Let’s take a little trip down the memory lane.
Remember your first coffee run? Which café did you go to?
What was your first order? Café americano? Latte? Macchiato? Espresso?
How many cups do you think you’ve had between your first and now?
(Don’t forget to put them in the comments section below.)
Where's your first coffee shop?
It’s highly likely that most of us have been to different coffee franchises and had different brands. After all, Americans love their coffee. The National Coffee Association will tell you that 64% of Americans ages 18 years old and above “had a cup of coffee the previous day” in 2018. 
Well if you’ve ever wondered how much caffeine is in the most popular coffee brands in America, then this is the article for you.
The numbers have been crunched and verdict released.
Death Wish coffee – 651 mg per 12 fluid ounce
Living up to its brand name, Death Wish is tagged as the world’s strongest cup of coffee that you can find in retail. The New York-based company will give you your money back if you tell them it isn’t the strongest you’ve had.
Dunkin’ Donuts Large Coffee + Turbo Shot – 395 mg per 20 fluid ounce
It may be cheap but it has a strong kick. Adding a shot of turbo (medium-roasted ground coffee with a little more caffeine) to your usual cup of Dunkin Donuts joe can do the trick and get you more than a second wind throughout the day.
Peet's Brewed Coffee – 267 mg per 16 fluid ounce
Peet's may be known for its deep-roast process but just the medium roast contains even more caffeine. That’s probably why the medium blend is the go-to for most Peet’s patrons.
Starbucks Venti Coffee – 415 mg per 20 fluid ounce
The 7-Eleven version of coffee house chains, Starbucks seems to be found in almost every nook of the city. And why not – its brewed coffee can really give you the caffeine you need for the day.
Biggby Red Eye (brewed coffee with espresso) – 274 mg per 16 fluid ounce
This growing Midwest franchise combines espresso with normal drip, making sure that a pump of espresso will keep you pumping (pun intended) all day.
McCafe – 145 mg per 14 fluid ounce
Okay I take it back. This is the 7-Eleven version of coffee house chains. Housed in McDonald’s, McCafé will only give you a lower amount of caffeine in a medium brewed coffee. Only a little over 100 mg of a kick for being a scrooge with your coffee!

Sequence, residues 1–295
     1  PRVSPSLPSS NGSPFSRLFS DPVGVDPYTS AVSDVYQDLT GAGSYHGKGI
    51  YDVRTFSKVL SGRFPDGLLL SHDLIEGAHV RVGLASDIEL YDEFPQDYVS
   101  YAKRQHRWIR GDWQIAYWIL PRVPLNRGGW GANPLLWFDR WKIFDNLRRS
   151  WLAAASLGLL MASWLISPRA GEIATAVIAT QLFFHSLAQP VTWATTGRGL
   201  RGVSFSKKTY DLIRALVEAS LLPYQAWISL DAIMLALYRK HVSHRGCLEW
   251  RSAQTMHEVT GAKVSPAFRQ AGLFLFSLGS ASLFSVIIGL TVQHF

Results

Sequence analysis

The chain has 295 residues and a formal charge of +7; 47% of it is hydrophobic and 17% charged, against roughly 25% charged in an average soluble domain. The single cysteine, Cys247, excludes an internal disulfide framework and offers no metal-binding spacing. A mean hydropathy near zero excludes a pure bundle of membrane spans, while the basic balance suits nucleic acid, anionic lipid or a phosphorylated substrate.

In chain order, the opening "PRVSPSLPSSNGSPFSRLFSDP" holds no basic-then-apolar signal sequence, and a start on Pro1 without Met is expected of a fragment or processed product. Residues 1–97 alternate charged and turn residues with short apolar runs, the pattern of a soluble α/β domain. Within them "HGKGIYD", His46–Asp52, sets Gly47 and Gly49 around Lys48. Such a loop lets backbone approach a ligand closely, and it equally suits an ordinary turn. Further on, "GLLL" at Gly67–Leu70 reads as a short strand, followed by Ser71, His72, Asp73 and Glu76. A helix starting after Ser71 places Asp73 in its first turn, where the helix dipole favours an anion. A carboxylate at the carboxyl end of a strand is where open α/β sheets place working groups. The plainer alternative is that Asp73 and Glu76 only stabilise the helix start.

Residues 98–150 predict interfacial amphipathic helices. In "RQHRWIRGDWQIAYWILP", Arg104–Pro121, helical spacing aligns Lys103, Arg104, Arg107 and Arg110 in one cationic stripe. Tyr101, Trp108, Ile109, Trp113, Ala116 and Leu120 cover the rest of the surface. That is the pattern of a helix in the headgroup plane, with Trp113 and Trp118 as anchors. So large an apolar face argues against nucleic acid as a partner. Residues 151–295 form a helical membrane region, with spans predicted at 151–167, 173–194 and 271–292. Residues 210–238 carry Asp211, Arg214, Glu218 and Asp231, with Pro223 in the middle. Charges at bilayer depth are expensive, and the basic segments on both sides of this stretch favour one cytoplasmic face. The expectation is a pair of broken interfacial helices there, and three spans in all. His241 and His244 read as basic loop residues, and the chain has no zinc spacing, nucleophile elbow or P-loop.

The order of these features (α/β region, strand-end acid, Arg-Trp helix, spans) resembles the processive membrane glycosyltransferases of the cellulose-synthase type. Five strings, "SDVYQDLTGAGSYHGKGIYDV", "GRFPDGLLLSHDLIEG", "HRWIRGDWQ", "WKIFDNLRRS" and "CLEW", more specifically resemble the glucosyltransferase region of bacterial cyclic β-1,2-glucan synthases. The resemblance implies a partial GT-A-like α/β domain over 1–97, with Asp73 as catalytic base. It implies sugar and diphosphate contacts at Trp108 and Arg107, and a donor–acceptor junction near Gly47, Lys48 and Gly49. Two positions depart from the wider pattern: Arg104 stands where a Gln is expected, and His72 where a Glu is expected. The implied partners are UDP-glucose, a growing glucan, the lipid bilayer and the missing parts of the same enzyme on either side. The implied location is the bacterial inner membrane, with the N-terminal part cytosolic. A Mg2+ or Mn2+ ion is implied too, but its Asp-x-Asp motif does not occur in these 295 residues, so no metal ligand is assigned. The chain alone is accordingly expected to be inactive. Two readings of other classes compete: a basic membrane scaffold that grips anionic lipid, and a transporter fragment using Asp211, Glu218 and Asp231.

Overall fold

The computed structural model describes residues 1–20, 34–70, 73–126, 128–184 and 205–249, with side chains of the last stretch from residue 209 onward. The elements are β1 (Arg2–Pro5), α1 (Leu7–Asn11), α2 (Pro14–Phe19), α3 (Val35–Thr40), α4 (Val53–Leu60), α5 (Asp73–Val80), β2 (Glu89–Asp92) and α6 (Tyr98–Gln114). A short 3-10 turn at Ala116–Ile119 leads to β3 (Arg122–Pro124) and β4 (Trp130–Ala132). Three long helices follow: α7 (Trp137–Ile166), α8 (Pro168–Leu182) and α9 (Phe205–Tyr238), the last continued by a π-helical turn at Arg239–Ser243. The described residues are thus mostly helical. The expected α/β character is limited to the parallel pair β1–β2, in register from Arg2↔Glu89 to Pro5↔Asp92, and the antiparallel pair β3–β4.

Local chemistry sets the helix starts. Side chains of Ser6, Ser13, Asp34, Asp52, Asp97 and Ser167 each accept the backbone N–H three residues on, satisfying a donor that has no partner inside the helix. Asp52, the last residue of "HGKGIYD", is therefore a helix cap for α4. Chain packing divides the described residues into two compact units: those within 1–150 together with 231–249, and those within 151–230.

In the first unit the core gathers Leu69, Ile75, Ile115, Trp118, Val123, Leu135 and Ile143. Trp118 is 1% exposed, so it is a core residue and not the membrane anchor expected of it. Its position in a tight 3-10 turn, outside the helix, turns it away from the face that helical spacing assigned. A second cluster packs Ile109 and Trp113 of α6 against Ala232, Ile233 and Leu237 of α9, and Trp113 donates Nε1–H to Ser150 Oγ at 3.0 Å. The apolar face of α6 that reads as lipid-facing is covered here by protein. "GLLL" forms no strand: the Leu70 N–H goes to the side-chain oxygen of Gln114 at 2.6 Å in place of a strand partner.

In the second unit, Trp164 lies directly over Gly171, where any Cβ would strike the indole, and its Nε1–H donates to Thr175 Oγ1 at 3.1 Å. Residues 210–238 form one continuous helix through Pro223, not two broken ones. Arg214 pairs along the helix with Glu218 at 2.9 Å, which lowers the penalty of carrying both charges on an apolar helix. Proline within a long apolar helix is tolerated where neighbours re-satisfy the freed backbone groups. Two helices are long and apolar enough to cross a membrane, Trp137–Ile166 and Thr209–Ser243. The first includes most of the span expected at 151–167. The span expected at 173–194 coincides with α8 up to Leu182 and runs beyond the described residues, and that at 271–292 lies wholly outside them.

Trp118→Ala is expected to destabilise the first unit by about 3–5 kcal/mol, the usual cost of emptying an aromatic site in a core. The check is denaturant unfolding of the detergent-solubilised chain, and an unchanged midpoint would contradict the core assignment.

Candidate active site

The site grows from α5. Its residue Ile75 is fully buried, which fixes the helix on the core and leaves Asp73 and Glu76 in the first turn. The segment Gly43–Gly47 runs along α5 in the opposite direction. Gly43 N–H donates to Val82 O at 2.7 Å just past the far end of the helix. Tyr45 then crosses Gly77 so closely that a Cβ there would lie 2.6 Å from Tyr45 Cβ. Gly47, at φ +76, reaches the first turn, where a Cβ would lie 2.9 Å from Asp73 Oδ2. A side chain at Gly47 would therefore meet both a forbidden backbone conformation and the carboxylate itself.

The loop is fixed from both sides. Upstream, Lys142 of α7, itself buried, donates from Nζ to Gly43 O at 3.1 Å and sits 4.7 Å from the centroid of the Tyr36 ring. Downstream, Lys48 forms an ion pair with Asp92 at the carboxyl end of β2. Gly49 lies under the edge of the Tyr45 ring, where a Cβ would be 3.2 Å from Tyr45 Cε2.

Tim Horton’s – 205 mg per 14 fluid ounce
This Canadian chain can give you just the right punch with their medium coffee (about 14 oz) at 205 mg of caffeine. Their cups are not bigger than other American chains though so not sure if you’re getting the bang for your cup here.
Shock Coffee Triple Latte – 231 mg per 8 fluid ounce
Another one that lives up to its brand, Shock’s pre-packaged coffee drink contains three shots of espresso. Don’t know about you but hearing that alone gives a shock to my system.
Coffee Bean & Tea Leaf – 333 mg per 14 fluid ounce
Don’t be fooled by its chill café vibe and awesome playlist. There's nothing "chill" about its coffee. Caffeine Informer revealed that their regular-sized brewed coffee contains around 333 mg of caffeine. That’s definitely one of the highest in this list!
Starbucks is probably the most popular brand in the lot. Just walking around the city you'll find the whole rush hour labeled Starbucks - that green logo is in the hands of almost everyone heading to the workplace.
But which drink is the best to ask for from the barista?
Here are some tips:
If you want a full summary of the brands we've covered, here's an infographic for you:
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We all love our cup of joe. Whether it’s because of the surprising health benefits it brings, the occasional buzz we need, or just a habit we’ve formed, it’s become an indispensable part of our everyday life.
But did you know that “nature’s call” comes with your java fix?
This is NOT a drill.
According to various studies, coffee can make you poop.
Early 2018, the coffee-cancer connection was making the rounds, causing java regulars – almost two-thirds of Americans - to get all too jittery.
There were reports saying that coffee may be carcinogenic or cancer-causing (“may” being the operative word here), following a California court ruling warning consumers about a chemical coming from the brewing/roasting process.
So what do us coffee-lovers need to know?